V Harmful effects on human 2 Disease transmision : c) developing and multiplying : cyclopropagative biological transmission with the pathogens both developing and multiplying in the vectors (eg, when mosquitoes transmit malaria) d) transmitting through eggs : transovarial biological transmission with the pathogens being transferred to the next generation of vectors through their eggs (eg, when ticks and mites transmit some viruses)


Major pathogens mechanically transmitted by arthropods Pathogens Virus Poliovirus

Arthropod vectors

Diseases

Flies and cockroaches

Poliomyelitis

Bacillus anthracis

Tabanidae

Anthrax

Salmonella

Flies, cockroaches

Salmonellosis

Shigella

Flies

Shigellosis

Vibrio cholerae

Flies

Cholera

Flies and eye gnats

Yaws

Entamoeba histolytica

Flies and cockroaches

Amebic dysentery

Toxoplasma gondii

Cockroaches

Toxoplasmosis

Bacterium

Spirochete Treponema pertenue

Protozoa


Major pathogens biologically transmitted by arthropods Pathogens Virus

Arthropod vectors

Diseases

JEV

Culex, Anopheles & Aedes

Dengue virus

Aedes

Dengue fever & dengue hemorrhagic fever

YF virus

Aedes

Yellow fever

Sand fly fever virus

Phlebotomus

Sand fly fever

Forest encephalitis virus

Ixodes

Forest encephalitis (Russian spring-summer encephalitis)

CCHF virus (XHF virus) Ixodes Hantaan virus

Some gamasid mites and chigger mites

Epidemic type B encephalitis

Xinjiang haemorrhagic fever (XHF) or Crimean-Congo hemorrhagic fever Hemorrhagic fever with renal syndrome (HFRS)


Rickettsia Rickettsia prowazekii

Pediculus humanus

Epidemic typhus

Bartonella quintana

Pediculus humanus

Trench fever

Rickettsia typhi (R. mooseri)

Siphonaptera

Endemic typhus

Rickettsia tsutsugamushi (R. orientalis)

Leptotrombidium

Tsutsugamushi disease

Siphonaptera

Plague

Borrelia recurrentis

Pediculus humanus

Epidemic relapsing fever (louse-borne relapsing fever)

Borrelia burgdorferi

Ixodes

Lyme disease

Borrelia persica, B. latyschevi & B. hermsii, etc.

Ornithodoros (soft tick)

Bacterium Yersinia pestis

Spirochete

Endemic relapsing fever (Tick-borne relapsing fever)


Protozoa Plasmodium (P. vivax, P. falciparum, P. malariae & P. ovale)

Anopheles

Malaria

Trypanosoma

Glossina

Trypanosomiasis (sleeping sickness)

Leishmania

Phlebotomus

Leishmaniais

Wuchereria brancrofti

Culex, Anopheles & Aedes

Bancroftian filariasis

Brugia malayi

Anopheles & Aedes

Brugian filariasis

Onchocerca volvulus

Simulium

Onchocerciasis

Loa loa

Chrysops

Loiasis

Dipetalonema perstans, D. streptocerca & Mansonella ozzardi

Culicoides

Three types of filariasis

Thelazia callipaeda

House flies

Thelaziasis

Nematode


Section 1 Culicidae / mosquito


I Classification and morphology 1 Classification Insecta Diptera Culicidae

Anopheles

Culex

Aedes


Anopheles sinensis

Culex pipiens pallens Aedes albopictus


2 Morphological features piercing-sucking mouthpart palp antenna compound eye

Femur

体分头胸腹,窄长翅一 对

Tibia

Tarsus

三对细长足,一根尖细 喙 翅脉和翅缘,都有鳞片


Piercing- sucking mouthparts


II Life cycle females feed on blood

30-300 eggs oviposited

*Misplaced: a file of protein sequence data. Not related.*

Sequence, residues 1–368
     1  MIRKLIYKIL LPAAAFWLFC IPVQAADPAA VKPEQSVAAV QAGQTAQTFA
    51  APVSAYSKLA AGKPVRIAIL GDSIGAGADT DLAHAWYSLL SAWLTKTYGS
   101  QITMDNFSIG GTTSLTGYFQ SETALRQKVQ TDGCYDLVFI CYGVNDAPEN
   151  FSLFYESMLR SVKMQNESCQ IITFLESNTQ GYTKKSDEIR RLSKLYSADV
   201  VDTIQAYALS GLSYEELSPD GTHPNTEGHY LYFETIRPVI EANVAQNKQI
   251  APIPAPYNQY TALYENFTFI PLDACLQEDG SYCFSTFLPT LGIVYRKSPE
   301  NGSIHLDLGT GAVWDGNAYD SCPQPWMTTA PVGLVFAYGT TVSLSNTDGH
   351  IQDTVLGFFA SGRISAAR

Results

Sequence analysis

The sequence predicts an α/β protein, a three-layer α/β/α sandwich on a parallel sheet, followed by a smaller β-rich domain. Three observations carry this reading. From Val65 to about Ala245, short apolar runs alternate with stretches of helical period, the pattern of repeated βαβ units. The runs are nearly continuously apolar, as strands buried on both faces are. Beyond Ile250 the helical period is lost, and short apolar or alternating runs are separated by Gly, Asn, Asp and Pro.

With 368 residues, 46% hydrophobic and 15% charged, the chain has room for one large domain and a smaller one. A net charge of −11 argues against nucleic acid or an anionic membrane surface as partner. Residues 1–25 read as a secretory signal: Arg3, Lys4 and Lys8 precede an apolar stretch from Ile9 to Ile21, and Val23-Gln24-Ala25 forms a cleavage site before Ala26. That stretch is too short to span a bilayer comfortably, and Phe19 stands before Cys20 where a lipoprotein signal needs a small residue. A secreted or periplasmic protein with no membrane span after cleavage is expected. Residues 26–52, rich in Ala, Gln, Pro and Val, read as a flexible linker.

adults live 1-3 weeks

wiggler

require water for development


Anopheles

Culex

Aedes


III Ecological behaviors 1 Breeding places depend upon egg-laying behaviors a) paddy-field type : b) slow stream type : c) jungle type : d) sullage type : e) container type :


III Ecological behaviors 2 Habitat humid and dark areas a) domestic roosting mosquitoes b) semi-domestic roosting mosquitoes c) wild roosting mosquitoes


III Ecological behaviors 3 Host preference female mosquitoes: blood meal male mosquitoes : feed on the nectar of flowers or other suitable sugar source human blood domestic animal blood


IV Medical significance

ď ś direct harm: disturbance, succking blood

ď śindirect harm ( biological transmission) mosquito-borne disease malaria

Anopheles

filariasis epidemic encephalitis B Dengue fever Yellow fever

Anopheles, Culex and Aedes Cx.tritaeniorhynchus Aedes aegypti/ albopictus Aedes aegypti


IV Medical significance Malaria is transmitted by Anopheles Filariasis is transmitted by Anopheles, Culex and Aedes Epidemic encephalitis B transmitted by Gulex Dengue fever transmitted by Aedes


V Prevention and control Environment management Physical control Chemical control Biological control Genetic control


Fly


I Classification and morphology 1 Classification Insecta Diptera Cyclorrhapha

Muscidae

Calliphoridae

Sarcophagidae

Oestridae


Chrysomyia megacephala

Boettcherisca peregrina

Lucilia sericata

Musca domestica vicina


I Classification and morphology 2 morphological feature a) 2 large compound eyes separated to wider spacing in female ,narrower spacing in male; 3 ocelli b) 2 antennae with each has a special structure called arista c) lapping mouthpart d) most developed mesothorax , 2 wide and well developed wings e) 3 pairs of legs, and each leg has a claw pad with lots of tiny thin hairs


lapping mouthparts


claw pad (pulvillus)


II Life cycle adult

pupa

egg

Larva (maggot)


egg

pupa


Larva of Chrysomyia megacephala spiracles of Chrysomyia megacephala


III Ecological behaviors 1 Breeding place The larvae of most flies feed on organic substance, and usually select the following sites as their breeding places : feces, garbage, putrid plants and decaying flesh , etc.


III Ecological behaviors 2 Feeding habit a)

unable to feed themselves: Oestridae

b)

sucking blood: Stomoxys calcitrans ďźŒ tsetsefly

c)

omnivorous: most flies with lapping mouthparts are feeding on a variety of food, including feces, decaying animals or plants, excretory substance and humans’ food, etc.

vomit / excrete while eating


IV Medical significance mechanical transmission: biological transmission: tissue invasion and parasitism:

Myiasis


dermamyiasis


11 arthropods